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I will explain more about the null initial: French, for example, have vowel-initial syllable that take consonants from the preceding syllable. If there is no preceding syllable or when the preceding syllable end in a vowel, then a glottal stop will be inserted before vowel-initial syllable; the glottal stop would be an allophone of null-onset in this French since it only appear in certain context. In many Chinese languages like Cantonese, the initial glottal stop is phonemic and cannot be omitted; Chinese syllables that begin with a vowel letter in pinyin are always pronounced with an initial glottal stop regardless of the context. In Standard Mandarin, the glottal stop are in free variation with other unrelated phones (or sound) but an initial consonant is still obligatory. If I am right, then the initial glottal stop is also obligatory in some American dialects of English.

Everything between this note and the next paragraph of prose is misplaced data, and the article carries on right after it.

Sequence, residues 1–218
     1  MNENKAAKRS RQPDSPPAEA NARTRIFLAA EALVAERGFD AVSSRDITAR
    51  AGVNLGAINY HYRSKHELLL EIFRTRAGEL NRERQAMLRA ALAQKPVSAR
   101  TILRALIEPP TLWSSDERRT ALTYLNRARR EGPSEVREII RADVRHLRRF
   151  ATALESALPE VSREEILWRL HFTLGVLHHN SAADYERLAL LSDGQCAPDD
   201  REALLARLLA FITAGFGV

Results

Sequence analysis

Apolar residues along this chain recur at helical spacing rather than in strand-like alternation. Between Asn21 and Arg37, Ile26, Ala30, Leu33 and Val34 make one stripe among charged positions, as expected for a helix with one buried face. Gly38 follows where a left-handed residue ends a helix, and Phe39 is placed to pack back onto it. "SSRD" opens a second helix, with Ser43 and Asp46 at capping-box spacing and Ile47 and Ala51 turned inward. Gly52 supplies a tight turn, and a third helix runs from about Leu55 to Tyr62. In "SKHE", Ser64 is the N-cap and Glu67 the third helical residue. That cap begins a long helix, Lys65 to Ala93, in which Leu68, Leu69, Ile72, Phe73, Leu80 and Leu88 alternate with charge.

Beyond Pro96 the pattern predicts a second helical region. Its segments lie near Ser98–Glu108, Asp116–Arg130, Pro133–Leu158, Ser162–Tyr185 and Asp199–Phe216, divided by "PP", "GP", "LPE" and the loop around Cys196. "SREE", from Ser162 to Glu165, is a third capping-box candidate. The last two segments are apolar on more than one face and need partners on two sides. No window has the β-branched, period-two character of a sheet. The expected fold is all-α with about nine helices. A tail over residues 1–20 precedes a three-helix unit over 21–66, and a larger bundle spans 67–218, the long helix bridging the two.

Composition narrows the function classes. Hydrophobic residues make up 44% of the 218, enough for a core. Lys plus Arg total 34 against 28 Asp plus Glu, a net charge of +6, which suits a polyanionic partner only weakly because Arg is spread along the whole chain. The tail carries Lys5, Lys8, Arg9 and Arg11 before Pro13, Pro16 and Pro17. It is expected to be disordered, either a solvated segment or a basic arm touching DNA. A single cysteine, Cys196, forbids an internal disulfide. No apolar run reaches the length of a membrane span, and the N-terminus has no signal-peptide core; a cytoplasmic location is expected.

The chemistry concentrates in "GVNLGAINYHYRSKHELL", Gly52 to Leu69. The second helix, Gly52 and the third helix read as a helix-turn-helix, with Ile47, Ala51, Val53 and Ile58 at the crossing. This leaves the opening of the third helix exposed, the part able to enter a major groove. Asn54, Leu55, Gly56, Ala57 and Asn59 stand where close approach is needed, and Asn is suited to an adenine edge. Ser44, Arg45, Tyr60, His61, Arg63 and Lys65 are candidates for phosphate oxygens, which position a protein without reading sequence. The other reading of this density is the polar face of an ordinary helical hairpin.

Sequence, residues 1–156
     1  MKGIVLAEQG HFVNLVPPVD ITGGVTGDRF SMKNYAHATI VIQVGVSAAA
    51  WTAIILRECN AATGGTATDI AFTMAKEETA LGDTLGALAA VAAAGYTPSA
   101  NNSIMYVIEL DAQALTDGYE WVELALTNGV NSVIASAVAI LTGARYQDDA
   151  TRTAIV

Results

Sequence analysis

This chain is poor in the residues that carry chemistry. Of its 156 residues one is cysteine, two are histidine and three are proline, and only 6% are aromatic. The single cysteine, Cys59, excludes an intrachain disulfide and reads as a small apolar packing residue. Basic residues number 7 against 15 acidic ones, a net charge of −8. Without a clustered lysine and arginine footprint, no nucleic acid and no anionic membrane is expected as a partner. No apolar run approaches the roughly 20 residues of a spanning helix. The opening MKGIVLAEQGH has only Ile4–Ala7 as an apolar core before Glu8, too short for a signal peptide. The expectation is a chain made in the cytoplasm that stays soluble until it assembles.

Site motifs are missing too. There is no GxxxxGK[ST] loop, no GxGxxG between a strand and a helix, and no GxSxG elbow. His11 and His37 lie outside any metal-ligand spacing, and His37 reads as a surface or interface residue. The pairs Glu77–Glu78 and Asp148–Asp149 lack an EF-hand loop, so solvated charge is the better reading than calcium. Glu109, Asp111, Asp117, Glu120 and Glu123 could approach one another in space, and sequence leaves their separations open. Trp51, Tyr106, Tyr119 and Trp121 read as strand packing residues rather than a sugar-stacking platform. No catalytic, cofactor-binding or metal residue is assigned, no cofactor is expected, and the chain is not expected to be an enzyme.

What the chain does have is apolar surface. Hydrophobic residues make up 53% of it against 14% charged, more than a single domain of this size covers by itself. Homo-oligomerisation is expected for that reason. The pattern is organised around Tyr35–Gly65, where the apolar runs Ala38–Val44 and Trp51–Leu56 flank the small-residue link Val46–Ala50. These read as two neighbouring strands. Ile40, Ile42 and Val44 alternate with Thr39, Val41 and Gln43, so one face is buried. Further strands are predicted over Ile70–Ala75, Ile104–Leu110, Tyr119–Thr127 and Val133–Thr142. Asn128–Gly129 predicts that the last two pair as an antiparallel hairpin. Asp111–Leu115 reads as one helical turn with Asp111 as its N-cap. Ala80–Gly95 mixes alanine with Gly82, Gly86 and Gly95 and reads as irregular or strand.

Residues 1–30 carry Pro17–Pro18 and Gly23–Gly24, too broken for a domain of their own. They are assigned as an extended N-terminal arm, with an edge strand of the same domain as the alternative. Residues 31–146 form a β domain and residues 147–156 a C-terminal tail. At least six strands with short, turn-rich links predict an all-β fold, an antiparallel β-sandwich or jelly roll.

On 21 Sep, 2017, MorphemeAddict wrote:

> What is the real null initial which the European languages have that
pinyin/Chinese do not?

> stevo